Reflecting on it, I realise that when you take the filters off and show others exactly the way you see life, from your unique point-of-view, you get into a position to create something unique that has universal appeal.
You have a story. It is yours and yours alone.
Look at this picture.
See the speck in the sunbeam? That right there is Earth. And to quote the great Carl Sagan, who had the wherewithal to ask for it to be taken as Voyager 1 reached the outer edge of our solar system and looked back 6 billion kilometres —
“Look again at that dot. That’s here. That’s home. That’s us. On it everyone you love, everyone you know, everyone you ever heard of, every human being who ever was, lived out their lives. The aggregate of our joy and suffering, thousands of confident religions, ideologies, and economic doctrines, every hunter and forager, every hero and coward, every creator and destroyer of civilization, every king and peasant, every young couple in love, every mother and father, hopeful child, inventor and explorer, every teacher of morals, every corrupt politician, every “superstar,” every “supreme leader,” every saint and sinner in the history of our species lived there-on a mote of dust suspended in a sunbeam.”
— also every copywriter, art director, designer, coder, musician, 3D artist and creative director.
No one else has had the experiences you have had. No one else has your memories. No one else known the unique combination of people you do. Or known the secrets you do.
Your story is unique and if you make it your life’s work to tell it truly and honestly it will resonate with every other person on this planet. Now. And in the future. Truth extends purely from one heart to another. There is that familiar click inside ourselves when we see truth.
You know it when you transmit it. You know it when you receive it.
Perhaps you are now wondering if your story is interesting enough. Or you are contemplating how to tell your story in the next creative project you have on your plate.
To answer, I would like to offer you a slightly different perspective on story and creativity. To do that, I would like to tell you about a farmer I met on the West Coast of South Africa.
I was working on a project where we were shooting interviews with organic farmers all over the country. One of them was a woman who used to be a corporate banker but who could no longer resist the impulse inside of her to leave world for something she deemed to be more meaningful. So she ended up on a small farm just outside Lambert’s Bay where she started growing organic produce like lettuce, beetroot and other greens.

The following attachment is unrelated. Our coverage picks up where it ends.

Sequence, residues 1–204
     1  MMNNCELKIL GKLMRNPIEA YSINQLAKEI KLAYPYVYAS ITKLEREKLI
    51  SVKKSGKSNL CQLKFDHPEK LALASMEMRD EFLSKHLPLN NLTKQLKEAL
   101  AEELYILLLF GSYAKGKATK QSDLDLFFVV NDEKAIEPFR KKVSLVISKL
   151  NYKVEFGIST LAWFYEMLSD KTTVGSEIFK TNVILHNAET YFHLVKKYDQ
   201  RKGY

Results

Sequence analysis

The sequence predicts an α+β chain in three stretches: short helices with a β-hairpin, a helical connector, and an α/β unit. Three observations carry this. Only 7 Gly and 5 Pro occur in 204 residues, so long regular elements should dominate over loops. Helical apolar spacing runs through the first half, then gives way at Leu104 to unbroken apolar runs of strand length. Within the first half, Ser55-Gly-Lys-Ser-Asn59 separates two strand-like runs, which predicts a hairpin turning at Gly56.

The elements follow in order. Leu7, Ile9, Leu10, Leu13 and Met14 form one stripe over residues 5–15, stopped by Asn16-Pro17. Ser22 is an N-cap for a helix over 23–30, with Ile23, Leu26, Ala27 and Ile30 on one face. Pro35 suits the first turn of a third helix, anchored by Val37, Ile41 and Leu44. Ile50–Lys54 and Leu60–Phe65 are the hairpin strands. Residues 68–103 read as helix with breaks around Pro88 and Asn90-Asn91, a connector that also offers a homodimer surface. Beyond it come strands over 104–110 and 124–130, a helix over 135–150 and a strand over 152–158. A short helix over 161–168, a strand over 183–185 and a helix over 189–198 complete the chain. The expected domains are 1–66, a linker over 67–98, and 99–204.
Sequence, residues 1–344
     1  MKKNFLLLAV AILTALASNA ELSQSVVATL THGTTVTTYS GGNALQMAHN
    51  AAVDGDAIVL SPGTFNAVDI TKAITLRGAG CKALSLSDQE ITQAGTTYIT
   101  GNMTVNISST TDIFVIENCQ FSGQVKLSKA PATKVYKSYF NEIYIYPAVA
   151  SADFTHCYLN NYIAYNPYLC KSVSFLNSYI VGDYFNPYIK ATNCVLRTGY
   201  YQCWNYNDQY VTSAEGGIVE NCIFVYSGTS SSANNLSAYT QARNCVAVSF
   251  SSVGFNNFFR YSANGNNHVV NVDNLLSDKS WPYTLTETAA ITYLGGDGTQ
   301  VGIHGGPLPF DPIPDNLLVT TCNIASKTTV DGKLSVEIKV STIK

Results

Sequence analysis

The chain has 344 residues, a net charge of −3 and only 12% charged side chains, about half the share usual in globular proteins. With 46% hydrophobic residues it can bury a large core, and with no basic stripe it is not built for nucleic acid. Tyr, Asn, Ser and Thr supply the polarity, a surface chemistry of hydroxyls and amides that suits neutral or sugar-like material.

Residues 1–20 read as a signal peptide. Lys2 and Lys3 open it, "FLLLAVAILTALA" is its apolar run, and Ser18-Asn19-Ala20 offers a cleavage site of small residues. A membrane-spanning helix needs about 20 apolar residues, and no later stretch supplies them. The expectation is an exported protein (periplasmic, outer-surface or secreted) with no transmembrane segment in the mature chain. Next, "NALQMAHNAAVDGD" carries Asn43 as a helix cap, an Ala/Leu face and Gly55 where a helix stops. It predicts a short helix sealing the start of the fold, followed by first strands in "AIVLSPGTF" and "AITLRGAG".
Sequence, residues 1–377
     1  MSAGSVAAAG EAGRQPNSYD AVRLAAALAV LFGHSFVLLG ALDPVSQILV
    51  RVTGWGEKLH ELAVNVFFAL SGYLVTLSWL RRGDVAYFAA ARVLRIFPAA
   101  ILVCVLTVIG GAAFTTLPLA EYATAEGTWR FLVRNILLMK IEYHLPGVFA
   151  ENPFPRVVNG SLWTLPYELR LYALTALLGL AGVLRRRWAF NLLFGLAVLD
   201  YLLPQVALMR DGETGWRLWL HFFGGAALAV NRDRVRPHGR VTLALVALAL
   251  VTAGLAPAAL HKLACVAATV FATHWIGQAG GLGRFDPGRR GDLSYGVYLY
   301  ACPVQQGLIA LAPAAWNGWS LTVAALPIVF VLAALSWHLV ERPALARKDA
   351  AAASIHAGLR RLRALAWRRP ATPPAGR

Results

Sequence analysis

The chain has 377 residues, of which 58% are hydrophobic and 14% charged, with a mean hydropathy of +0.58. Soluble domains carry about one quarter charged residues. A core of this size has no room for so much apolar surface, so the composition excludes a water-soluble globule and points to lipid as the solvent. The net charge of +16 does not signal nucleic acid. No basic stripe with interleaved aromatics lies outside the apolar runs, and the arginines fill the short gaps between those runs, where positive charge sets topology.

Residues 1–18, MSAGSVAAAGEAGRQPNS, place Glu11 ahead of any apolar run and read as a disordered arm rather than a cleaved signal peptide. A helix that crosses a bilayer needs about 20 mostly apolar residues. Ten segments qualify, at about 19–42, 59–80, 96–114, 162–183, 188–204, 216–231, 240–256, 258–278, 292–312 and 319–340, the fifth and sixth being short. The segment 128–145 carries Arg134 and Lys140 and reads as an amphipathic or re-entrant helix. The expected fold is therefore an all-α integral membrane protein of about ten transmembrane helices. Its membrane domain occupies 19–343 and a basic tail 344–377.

Before the shoot, she and I and the director were walking on the sand dunes that her crops grew in. Honestly, the soil there looks like desert sand. I was amazed that anything of use could grow from it — let alone produce that could be sold in upmarket food stores.
She explained that her job as a farmer is not to look after the crops but to look after the soil. Instead, her job is to keep the soil happy and to take good care of it. When the soil is healthy, she said, the good crops becomes a mere by-product of the soil.
I remember how she was still in the middle of telling us the story when here sentence broke off mid-sentence as she bolted into the field. About 20 metres from us, she triumphantly lifted the largest pumpkin I had ever seen above her head. Excited like a child at Christmas she celebrated this wild pumpkin that spontaneously grew amongst her lettuces.
How does this relate to you and me as creative professionals? May I humbly suggest that your work — whatever you produce is not your story. Your life is your story and that is what requires your attention. The creative product that flows from you is the by-product from a life well lived.
Feed your life with good environmentally friendly nutrients. Like diverse experiences. Being brave. Reading. Watching. Walking. Running. Writing. Drawing. Showing up and meeting the muse. Going out to fetch the experiences. Allowing the natural cycle of life to sometimes rain on you, and also sometimes to let the sun shine on you. Because all your experiences, good and bad, eventually feed the soil.
Whatever work will grow from that life will be meaningful and unique because it will be true to who you are. Nobody else can imitate it because it comes from a place that only you have access to.
Thank you for reading and happy farming.